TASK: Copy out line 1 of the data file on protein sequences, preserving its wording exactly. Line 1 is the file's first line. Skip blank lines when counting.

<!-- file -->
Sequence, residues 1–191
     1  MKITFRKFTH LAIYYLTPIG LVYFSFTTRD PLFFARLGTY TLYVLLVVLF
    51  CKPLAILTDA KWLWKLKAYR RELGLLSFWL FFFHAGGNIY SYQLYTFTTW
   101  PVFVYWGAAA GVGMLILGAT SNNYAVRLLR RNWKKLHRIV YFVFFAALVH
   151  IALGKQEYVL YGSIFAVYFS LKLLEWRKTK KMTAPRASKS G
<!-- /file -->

Sequence, residues 1–191